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Introduction
Introduction

1. Beach holidays

2. Desert and oases

3. The empty mountains

4. Carthage and Romans

5. Islamic times

6. Berber sensations





















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INTRODUCTION
Islamic times



Kairouan




Le Kef




Jerba




Mahdia




Monastir




Tunis



Tunisia has been Muslim for more than 1300 years, Christianity was replaced within few decades through a mixture of external pressure and internal pragmatism. But even in modern times, marginal traces of Christianity exit: in the south you will often see stylized fish, symbolizing Jesus Christ, painted next to entrance doors of private homes.
The centre of Islam in Tunisian is Kairouan, which has the most impressive mosque of the country, as well as the only holy well. The Bir Barouta is said to be linked with the holy well of Mecca, the Zamzam. The Great Mosque of Kairouan has what is considered the first minaret ever built. If you take a look at the Great Mosque in Sousse, built a few generations later, you will that it has no minaret.
While the Great Mosque of Kairouan is clearly the most important Islamic sight of Tunisia, the mountain town of Le Kef has a structure which is favoured by many: the shrine of Sidi Bou Makhlouf. This small structure is very often used for posters and book jackets.
A car or a bike will allow you to explore Jerba's mosques. These are quite fascinating in their design, which differs from what you see in the rest of Tunisia: Minarets are often not towers. The background for this, is Jerba being the home to the remaining community of Ibadi Muslims, the third sect of Islam. Visitors to Jerba can within a day excursion, explore another type of Islamic architecture, which is found in in particular in the mountain villages of Chenini and Douiret. Organic villages climb mountain side, with a sparcling white mosque in their midst.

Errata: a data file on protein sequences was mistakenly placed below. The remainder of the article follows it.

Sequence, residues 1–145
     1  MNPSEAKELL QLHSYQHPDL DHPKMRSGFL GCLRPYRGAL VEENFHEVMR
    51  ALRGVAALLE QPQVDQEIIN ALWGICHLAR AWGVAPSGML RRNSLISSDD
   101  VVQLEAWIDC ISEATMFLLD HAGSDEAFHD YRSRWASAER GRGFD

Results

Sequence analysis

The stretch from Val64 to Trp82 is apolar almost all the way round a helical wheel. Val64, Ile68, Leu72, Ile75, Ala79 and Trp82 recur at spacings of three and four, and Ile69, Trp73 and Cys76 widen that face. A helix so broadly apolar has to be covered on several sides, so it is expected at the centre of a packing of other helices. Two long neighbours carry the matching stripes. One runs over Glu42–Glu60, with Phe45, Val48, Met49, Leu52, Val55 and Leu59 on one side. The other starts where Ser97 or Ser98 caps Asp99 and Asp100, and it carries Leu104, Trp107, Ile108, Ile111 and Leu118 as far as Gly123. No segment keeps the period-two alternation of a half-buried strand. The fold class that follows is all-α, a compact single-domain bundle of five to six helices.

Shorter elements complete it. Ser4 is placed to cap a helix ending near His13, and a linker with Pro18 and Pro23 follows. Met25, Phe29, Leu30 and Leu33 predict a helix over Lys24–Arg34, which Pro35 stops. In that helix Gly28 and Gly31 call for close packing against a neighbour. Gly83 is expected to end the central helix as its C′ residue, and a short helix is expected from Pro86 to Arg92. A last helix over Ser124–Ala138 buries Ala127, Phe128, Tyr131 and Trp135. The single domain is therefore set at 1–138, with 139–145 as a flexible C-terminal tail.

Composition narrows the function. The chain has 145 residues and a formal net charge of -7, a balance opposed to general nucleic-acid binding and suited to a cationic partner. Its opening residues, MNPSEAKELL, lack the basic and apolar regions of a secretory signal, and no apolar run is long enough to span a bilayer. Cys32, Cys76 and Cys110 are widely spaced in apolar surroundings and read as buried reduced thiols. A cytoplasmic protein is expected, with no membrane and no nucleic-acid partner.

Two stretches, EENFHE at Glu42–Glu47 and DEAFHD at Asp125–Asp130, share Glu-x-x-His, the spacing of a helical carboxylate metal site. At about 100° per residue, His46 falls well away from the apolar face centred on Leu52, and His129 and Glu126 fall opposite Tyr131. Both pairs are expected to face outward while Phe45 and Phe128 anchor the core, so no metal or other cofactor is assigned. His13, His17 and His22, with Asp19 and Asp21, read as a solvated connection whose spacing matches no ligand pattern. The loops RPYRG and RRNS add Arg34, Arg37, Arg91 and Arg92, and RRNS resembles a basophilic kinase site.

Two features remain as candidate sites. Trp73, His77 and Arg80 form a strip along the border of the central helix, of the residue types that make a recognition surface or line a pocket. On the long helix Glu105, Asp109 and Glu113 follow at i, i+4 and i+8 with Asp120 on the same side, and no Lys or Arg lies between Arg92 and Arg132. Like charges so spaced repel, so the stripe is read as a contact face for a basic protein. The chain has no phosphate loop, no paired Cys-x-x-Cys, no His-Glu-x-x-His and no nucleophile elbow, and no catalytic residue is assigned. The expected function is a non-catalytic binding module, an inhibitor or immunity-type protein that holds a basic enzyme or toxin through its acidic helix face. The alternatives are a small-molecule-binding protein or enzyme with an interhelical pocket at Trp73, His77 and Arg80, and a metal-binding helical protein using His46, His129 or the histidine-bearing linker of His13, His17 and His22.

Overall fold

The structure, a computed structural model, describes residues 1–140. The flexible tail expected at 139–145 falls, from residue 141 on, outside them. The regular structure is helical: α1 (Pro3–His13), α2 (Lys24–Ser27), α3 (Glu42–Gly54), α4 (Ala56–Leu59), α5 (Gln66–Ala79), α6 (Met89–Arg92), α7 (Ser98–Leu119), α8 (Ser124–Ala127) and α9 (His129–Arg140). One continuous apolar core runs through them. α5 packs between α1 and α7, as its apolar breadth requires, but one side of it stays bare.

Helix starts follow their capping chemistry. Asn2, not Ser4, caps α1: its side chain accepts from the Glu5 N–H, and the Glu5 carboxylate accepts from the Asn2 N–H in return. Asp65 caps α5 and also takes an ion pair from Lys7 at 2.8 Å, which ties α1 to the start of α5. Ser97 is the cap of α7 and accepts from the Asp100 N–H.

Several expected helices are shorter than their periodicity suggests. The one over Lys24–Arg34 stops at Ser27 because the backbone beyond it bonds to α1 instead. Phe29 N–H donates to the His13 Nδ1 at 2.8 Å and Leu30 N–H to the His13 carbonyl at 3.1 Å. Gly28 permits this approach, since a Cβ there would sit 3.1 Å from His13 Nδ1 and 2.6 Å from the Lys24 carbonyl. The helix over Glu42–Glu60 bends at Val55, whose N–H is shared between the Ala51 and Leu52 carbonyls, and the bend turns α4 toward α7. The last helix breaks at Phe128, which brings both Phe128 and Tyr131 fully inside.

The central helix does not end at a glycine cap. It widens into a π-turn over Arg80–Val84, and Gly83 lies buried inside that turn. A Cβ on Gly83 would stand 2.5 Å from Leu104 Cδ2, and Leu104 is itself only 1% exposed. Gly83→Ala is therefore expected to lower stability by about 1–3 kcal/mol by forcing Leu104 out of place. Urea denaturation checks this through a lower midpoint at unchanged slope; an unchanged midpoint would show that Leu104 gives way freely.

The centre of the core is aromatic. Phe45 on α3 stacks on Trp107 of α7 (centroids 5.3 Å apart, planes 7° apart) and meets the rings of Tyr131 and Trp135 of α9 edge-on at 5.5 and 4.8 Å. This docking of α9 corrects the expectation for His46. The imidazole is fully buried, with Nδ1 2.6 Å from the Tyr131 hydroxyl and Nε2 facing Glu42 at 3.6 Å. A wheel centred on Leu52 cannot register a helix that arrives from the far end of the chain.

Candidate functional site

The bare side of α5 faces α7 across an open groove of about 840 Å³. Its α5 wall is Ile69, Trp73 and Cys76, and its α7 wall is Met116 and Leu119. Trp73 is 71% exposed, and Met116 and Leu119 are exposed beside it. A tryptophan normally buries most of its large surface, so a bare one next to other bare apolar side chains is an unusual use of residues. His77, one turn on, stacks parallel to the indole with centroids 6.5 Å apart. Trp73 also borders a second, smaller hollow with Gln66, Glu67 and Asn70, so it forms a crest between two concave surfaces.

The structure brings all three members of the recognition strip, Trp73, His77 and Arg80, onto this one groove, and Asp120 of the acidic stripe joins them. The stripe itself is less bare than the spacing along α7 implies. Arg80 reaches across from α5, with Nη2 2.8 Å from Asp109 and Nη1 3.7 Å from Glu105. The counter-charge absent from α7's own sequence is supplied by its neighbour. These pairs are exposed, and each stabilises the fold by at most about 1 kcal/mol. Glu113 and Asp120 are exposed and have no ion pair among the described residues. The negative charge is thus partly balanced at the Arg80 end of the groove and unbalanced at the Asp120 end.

Tunisia started off as a Shi'i country. One of the central dynasties of Egypt emerged from Tunisia; the Fatimids. From Mahdia, they launched the campaign that made them the leading dynasty of the Muslim world, a dynasty often far stronger than the caliphate of Baghdad. The Fatimids emerged from a monastic form of Islam, with devoted, young and militant Muslims joining communities around fortresses, ribats, along the coast, where they followed ascetic lifestyles with a sword in one hand. Of their strongholds, the ones in Monastir and Sousse stand out and are impressive monuments that should not be missed. The ribat of Monastir, you might recognize: It was used as extensively for Monty Python's Life of Brian.
The Zitouna Mosque of Tunis is one the oldest mosques of Tunisia, and home of one of the world's oldest universities. For 1000 years it had no minaret, this was added first in the 19th century.
Popular Islam exists all across the nation, but it is losing ground in the modern world. Moderates lose interest in local cults, and conservatives are attracted by the simplicity of Islamist propaganda. Among the few centres where popular, local cults are still alive is Nefta, with its several domes linked to holy men that may or may not have lived. In some cases these cults are continuations of old religions. Haddej is another place where white cult centres are spread around the landscape.




By Tore Kjeilen